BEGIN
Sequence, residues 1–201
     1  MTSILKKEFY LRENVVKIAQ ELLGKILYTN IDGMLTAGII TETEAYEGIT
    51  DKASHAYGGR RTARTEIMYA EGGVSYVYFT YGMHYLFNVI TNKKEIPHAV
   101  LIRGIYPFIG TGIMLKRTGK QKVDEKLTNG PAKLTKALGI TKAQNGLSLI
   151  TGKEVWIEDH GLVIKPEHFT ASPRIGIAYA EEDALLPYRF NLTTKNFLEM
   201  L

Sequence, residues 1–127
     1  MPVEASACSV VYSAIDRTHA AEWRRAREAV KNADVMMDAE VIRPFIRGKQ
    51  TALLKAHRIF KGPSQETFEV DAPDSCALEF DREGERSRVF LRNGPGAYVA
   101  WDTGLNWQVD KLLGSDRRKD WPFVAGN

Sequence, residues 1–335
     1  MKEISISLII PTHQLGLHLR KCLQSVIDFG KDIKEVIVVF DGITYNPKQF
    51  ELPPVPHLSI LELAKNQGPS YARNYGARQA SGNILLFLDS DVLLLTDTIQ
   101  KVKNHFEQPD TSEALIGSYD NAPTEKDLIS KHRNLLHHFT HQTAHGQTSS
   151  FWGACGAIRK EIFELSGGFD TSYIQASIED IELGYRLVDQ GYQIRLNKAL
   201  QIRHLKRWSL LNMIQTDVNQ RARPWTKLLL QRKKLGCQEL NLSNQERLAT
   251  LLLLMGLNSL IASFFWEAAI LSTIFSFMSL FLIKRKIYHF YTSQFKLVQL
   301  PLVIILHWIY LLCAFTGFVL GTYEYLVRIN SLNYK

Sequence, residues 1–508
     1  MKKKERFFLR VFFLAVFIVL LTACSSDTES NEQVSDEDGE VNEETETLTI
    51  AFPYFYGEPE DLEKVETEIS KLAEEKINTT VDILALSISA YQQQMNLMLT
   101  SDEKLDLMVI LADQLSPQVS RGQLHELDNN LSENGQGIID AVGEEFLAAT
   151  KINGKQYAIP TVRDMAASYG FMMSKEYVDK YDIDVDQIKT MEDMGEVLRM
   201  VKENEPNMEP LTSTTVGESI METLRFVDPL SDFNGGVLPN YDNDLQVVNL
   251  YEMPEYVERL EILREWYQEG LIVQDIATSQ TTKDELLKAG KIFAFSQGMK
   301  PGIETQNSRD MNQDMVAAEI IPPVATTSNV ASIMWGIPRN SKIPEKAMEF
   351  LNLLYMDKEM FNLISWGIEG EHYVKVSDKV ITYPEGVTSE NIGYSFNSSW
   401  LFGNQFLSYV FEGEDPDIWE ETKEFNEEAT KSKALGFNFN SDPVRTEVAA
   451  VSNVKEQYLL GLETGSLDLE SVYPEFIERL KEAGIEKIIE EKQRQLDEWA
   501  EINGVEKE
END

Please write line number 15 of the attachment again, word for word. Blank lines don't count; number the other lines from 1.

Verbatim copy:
   151  FWGACGAIRK EIFELSGGFD TSYIQASIED IELGYRLVDQ GYQIRLNKAL